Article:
2. Modeling

Geometry of the metal-NIM-Bragg reflector structure is illustrated in Fig. 1
Fig. 1 The metal-NIM-Bragg reflector structure.
. The 1D DBR is composited of repeated unit cells composing of high refractive index material A with relative permittivity ε1 = 4 and relative permeability μ1 = 1 (Ta2O5) and low refractive index material B with relative permittivity ε2 = 2 and relative permeability μ2 = 1 (SiO2), as shown in the right part of Fig. 1. In each unit cell the thicknesses of A and B layers are 133 nm and 180 nm, respectively. The Bragg frequency (ωB) of the DBR locates at wavelength approximately 1000 nm at normal incidence. Dispersions and energy dissipation due to absorption of both materials A and B are eliminated. The DBR terminates at material A forming a conventional PIM capping layer with thickness dc = 800 nm throughout this study. An additional capping layer of NIM with thickness dn is covered over the PIM capping layer. The thickness of NIM capping layer varies. For simplicity the relative permittivity εn and relative permeability μn of NIM are assumed to be −4 and −1, respectively, with the absolute value equal to those of PIM capping layer. On top of the NIM layer is a 30 nm metallic film (Ag). The optical dispersion of Ag layer is described by
εm=εbϖp2ϖ2+iγϖ,
(1)
where ε m is the relative permittivity of Ag, ω is the photon frequency of the incident light, εb is the background dielectric constant, ωp and γ are the plasma frequency and plasma oscillation rate of Ag, respectively. Photonic energy and plasma energy are given by ћω and ћωp, where ћ is the Plank constant. In the region of interest, we assumed εb = 5, ћωp = 9.3 eV and ћγ = 0.01 eV. The relative permeability μm of Ag film is unity. The refractive index of metal (nm) is obtained from square root of Eq. (1). For frequency region much smaller than plasma frequency as in this study, the plasma oscillation of Ag (γ) is small, and nm is approximately given by nm=iϖp/ϖ. The entrance and exit media are both air. The incident light is Transverse Magnetic (TM) polarized.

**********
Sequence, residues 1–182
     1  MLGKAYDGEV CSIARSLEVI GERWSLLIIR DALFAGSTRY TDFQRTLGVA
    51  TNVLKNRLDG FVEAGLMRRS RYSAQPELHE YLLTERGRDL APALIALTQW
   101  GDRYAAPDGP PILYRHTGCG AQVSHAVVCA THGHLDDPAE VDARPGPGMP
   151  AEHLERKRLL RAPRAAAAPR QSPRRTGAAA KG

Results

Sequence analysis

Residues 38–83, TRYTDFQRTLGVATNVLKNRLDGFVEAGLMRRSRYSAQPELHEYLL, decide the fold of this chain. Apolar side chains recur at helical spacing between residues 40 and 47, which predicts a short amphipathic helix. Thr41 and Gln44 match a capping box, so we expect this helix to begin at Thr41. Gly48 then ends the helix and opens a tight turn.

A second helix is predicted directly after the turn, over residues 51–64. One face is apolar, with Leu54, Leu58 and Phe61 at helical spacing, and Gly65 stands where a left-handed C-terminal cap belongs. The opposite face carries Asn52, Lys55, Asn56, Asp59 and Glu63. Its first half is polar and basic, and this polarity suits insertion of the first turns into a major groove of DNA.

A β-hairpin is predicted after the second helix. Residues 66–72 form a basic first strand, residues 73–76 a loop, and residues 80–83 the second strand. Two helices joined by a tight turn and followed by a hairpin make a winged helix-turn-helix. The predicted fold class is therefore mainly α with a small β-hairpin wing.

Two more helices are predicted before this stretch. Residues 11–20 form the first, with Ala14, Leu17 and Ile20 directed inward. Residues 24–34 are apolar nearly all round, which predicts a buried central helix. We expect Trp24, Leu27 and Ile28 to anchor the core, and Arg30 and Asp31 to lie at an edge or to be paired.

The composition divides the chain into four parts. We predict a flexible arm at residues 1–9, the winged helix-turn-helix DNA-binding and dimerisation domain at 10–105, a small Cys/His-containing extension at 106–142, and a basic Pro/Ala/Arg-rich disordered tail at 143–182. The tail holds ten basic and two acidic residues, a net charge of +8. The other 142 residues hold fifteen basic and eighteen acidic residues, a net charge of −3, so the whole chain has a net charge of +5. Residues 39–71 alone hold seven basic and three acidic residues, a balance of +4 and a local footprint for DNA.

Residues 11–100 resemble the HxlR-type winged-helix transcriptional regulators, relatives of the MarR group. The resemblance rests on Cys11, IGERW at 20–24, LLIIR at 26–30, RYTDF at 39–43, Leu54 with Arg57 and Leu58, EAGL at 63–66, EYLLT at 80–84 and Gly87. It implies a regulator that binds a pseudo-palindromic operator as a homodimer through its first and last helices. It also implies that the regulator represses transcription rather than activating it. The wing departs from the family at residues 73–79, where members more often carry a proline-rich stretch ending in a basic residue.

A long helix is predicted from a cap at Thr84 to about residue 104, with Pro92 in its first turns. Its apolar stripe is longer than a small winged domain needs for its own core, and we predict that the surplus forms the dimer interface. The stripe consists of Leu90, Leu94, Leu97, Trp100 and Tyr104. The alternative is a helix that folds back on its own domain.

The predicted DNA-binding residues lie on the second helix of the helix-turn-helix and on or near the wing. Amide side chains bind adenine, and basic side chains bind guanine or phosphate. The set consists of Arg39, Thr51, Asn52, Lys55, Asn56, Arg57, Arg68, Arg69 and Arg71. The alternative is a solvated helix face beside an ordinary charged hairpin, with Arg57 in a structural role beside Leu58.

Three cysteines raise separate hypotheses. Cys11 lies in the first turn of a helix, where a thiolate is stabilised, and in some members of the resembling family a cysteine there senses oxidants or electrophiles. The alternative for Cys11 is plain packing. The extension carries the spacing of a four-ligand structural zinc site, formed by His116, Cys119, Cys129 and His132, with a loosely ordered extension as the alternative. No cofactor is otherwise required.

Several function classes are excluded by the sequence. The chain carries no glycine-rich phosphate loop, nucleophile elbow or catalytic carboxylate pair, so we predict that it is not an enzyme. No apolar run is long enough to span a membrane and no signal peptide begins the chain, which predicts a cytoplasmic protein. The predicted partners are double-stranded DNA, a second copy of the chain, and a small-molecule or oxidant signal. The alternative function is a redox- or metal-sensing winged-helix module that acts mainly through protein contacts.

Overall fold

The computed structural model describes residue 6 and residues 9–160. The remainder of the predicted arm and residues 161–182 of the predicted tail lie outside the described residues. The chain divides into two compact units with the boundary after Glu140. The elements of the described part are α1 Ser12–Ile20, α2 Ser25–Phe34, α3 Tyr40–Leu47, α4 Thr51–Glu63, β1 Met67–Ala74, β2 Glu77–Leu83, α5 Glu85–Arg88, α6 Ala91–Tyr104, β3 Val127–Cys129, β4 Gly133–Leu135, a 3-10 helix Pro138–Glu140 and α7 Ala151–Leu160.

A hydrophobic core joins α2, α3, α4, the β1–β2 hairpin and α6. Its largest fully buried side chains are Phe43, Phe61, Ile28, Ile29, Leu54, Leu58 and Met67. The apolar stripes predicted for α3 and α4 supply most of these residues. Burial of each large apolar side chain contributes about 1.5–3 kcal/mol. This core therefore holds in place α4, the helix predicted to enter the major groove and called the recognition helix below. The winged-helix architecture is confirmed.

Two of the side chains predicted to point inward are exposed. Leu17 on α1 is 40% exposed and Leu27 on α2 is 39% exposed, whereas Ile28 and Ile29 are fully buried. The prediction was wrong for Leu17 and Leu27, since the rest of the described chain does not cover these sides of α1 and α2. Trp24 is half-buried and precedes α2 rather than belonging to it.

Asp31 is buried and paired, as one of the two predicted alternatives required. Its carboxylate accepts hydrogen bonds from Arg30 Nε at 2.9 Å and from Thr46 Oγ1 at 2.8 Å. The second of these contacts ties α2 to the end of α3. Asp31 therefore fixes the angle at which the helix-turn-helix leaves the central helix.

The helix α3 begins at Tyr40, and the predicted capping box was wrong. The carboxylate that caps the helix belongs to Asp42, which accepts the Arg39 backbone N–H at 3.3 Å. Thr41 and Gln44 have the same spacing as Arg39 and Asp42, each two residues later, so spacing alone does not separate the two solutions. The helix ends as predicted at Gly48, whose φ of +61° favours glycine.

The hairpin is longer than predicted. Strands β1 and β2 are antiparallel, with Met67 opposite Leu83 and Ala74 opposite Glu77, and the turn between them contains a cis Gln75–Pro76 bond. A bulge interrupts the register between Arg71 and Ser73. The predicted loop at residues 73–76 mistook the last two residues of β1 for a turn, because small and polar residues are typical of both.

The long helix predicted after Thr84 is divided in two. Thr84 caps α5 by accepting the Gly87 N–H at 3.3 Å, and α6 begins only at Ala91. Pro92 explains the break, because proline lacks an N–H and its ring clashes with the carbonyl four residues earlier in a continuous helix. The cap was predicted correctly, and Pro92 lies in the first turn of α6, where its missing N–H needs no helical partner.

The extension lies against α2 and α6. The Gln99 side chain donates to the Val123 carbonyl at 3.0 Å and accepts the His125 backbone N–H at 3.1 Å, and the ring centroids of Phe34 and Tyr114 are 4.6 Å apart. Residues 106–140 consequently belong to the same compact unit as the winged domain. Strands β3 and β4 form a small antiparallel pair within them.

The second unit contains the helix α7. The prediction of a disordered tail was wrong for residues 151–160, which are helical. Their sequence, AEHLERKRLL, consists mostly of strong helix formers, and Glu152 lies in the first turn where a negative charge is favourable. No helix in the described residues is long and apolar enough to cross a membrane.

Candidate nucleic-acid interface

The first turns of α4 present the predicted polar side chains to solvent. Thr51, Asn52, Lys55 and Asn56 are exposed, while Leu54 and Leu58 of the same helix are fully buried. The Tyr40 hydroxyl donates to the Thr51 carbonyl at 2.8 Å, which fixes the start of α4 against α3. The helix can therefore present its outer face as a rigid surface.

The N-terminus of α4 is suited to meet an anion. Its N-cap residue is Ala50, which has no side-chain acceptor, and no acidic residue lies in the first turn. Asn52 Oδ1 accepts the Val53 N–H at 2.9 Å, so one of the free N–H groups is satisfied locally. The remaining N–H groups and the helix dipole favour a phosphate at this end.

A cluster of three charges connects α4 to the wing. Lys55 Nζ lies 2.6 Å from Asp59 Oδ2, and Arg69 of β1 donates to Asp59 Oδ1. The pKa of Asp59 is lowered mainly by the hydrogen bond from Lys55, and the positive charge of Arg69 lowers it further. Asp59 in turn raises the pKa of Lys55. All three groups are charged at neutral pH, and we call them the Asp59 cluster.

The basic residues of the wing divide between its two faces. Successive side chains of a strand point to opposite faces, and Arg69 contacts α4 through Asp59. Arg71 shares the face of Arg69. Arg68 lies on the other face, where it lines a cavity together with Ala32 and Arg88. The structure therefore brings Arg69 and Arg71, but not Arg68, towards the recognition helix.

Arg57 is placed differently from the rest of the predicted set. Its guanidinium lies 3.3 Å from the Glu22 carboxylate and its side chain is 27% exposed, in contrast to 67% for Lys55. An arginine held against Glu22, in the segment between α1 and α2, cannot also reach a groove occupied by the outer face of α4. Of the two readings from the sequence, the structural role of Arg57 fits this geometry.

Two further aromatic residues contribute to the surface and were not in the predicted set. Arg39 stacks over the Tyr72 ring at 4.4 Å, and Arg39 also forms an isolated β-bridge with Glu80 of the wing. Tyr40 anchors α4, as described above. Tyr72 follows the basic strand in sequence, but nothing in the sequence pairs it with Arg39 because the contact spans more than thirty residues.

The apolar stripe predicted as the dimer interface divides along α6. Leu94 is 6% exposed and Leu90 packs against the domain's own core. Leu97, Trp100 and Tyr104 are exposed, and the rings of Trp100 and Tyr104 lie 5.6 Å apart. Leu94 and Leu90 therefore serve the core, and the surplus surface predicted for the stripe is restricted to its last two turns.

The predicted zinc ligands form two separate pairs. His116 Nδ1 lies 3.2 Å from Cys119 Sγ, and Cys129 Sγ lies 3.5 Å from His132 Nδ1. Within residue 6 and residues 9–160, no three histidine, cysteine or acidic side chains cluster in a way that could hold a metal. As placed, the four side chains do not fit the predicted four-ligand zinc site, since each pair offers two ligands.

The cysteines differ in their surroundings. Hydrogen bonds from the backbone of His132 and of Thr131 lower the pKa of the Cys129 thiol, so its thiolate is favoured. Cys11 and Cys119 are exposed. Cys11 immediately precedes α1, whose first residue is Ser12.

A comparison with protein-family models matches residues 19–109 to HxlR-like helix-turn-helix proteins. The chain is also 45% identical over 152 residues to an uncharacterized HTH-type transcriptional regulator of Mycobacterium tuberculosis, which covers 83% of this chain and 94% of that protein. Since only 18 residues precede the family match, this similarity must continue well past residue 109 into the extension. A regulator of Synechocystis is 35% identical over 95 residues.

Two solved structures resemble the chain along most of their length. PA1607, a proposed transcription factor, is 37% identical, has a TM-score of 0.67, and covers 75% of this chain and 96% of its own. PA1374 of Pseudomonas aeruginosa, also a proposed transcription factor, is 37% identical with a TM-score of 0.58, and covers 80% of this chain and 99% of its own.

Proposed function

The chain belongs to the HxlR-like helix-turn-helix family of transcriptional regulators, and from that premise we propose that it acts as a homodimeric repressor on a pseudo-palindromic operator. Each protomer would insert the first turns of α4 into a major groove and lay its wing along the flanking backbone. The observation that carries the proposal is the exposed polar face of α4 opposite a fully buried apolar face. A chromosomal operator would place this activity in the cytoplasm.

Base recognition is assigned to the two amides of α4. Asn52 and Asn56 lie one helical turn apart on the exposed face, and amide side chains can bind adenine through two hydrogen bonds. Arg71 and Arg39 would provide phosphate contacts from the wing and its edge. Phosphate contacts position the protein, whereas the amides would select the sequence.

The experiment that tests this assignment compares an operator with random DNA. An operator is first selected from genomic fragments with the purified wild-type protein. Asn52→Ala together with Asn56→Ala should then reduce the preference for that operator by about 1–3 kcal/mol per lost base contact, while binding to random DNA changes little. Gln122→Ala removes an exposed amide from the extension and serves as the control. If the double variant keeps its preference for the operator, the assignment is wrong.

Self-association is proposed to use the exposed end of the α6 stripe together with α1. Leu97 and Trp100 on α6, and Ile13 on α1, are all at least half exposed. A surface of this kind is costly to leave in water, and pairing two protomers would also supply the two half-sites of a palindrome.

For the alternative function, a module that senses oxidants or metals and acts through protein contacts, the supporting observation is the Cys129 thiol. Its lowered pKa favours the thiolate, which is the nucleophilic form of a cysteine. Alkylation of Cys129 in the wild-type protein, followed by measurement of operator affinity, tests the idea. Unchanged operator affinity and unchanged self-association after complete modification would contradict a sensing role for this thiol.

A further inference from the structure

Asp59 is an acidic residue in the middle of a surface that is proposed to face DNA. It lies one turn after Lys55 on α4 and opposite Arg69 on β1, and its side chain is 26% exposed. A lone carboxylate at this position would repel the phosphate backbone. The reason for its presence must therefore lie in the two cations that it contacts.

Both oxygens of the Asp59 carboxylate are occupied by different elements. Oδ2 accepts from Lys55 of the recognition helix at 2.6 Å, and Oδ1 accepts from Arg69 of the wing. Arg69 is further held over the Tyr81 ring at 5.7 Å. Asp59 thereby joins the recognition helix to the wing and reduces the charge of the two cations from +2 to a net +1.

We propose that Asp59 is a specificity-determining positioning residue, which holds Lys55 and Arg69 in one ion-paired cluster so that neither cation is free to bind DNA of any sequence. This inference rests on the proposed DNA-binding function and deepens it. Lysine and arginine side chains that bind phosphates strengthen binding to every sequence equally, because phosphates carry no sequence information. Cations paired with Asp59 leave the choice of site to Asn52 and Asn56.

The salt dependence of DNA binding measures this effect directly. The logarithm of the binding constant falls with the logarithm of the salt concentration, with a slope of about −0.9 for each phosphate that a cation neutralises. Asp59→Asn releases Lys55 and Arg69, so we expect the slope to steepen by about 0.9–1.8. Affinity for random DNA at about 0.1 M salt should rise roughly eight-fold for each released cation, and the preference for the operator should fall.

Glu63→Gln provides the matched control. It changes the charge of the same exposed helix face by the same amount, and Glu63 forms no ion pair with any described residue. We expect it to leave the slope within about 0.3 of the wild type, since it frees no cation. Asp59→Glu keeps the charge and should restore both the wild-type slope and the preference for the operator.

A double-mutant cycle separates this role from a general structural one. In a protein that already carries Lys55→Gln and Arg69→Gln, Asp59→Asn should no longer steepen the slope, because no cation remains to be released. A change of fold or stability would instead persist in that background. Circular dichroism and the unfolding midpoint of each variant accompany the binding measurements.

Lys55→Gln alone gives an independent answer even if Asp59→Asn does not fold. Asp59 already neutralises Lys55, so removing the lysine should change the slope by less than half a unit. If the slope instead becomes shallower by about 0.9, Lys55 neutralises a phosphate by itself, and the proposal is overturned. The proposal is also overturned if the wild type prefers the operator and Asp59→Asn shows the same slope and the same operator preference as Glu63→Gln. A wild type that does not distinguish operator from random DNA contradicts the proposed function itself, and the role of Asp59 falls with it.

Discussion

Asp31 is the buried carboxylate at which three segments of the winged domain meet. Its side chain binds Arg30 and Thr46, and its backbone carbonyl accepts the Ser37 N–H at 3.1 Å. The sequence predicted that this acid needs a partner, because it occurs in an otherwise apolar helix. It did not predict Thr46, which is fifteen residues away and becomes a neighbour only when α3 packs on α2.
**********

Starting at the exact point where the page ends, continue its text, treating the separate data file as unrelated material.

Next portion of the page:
3. Results and discussion

Figure 2
Fig. 2 Reflectivity map with thickness of NIM capping layer and photonic energy of incident light. The thickness of the PIM capping layer is 800 nm and the incident angle is 45°. The bright line denotes reduced reflectivity due to optical Tamm state, as shown in detail in inset. The vertical blue line (dotted) divides the reflectivity map into two regions with different shapes. Color bar ranging from 1.0 to 0.0 denotes the reflectivity at specified conditions.